Chapter 17: Of Old and New Law Tables Part 1
But that is the situation of all the religions. They have responded to their own time correctly, but time is not a fixed thing. Life is a moving river. It is entering into new areas, new territories, new potentialities, and it has to be alert about it.
Life cannot be lived according to the past.
That is one of the basic teachings of Zarathustra: one has to live according to the present, aware of the future. And one has to remember: what is true for me is not true for all, and what is true for me today is not going to be necessarily true for me tomorrow. Our values have to be according to life - not vice versa.
The moment you try to make life be according to your values you become life-destructive, life-negative. And to destroy life is to destroy yourself. Then misery is going to be your lot.
Zarathustra is saying:
Here I sit and wait, old shattered law-tables around me and also new, half-written law-tables.
Life changes so fast that by the time you have written your laws they are already out of date. That’s why Zarathustra says, “I am sitting here, waiting, old shattered law-tables around me and also new, half-written lawtables.”
Why half-written? - because by the time you write them they may not be relevant anymore. One has to live spontaneously, not according to any written law. One has to take the responsibility totally on one’s own shoulders.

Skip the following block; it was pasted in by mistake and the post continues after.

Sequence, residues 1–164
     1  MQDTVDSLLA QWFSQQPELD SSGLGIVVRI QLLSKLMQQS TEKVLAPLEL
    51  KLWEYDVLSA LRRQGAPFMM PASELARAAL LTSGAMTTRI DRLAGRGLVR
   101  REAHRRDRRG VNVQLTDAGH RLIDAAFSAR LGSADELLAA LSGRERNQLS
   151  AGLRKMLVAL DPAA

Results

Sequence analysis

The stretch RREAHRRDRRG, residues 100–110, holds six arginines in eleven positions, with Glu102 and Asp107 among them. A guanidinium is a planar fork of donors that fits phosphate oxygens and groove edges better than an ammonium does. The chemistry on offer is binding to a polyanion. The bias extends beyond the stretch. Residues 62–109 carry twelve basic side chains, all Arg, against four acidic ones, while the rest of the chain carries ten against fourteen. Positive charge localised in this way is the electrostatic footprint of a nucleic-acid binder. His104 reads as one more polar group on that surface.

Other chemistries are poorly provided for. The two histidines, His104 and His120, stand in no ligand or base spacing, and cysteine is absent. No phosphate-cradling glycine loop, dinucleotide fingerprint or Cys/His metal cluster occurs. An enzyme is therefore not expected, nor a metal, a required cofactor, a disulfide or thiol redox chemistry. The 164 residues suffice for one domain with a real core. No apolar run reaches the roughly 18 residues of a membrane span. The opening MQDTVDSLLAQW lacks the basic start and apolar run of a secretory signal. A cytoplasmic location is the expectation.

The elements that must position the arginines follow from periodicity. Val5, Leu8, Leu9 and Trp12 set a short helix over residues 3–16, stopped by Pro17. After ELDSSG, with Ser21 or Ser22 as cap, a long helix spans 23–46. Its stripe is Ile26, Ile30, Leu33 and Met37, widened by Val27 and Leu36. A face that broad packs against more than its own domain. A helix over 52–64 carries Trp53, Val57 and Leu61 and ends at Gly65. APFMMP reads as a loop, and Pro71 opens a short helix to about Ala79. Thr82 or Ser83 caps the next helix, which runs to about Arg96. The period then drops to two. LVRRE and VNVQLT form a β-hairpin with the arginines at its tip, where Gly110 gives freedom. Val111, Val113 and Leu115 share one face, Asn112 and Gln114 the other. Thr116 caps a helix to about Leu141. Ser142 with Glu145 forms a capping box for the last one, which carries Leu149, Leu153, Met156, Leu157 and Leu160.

He cannot say.because it was written by Manu five thousand years ago, or written by Moses four thousand years ago, or said by Jesus two thousand years ago. It may have been right at the time it was asserted, but now all those law-tables are shattered. And the new ones are half-written. The new ones will never be fully written. By the time they are fully written they will be old, and they will be shattered and thrown onto the same heap as the old tables of law.
When will my hour come?
He is saying, “I am waiting.” Waiting for what? - waiting for my hour..
The hour of my down-going, my descent: for I want to go to men once more.
Now, living in the mountains, in the solitude, he is more clear about his vision and he is also more clear about man’s ignorance. He feels that now there is a possibility; perhaps he can bring some light into the dark night of humanity.
For that I now wait: for first the sign that it is my hour must come to me.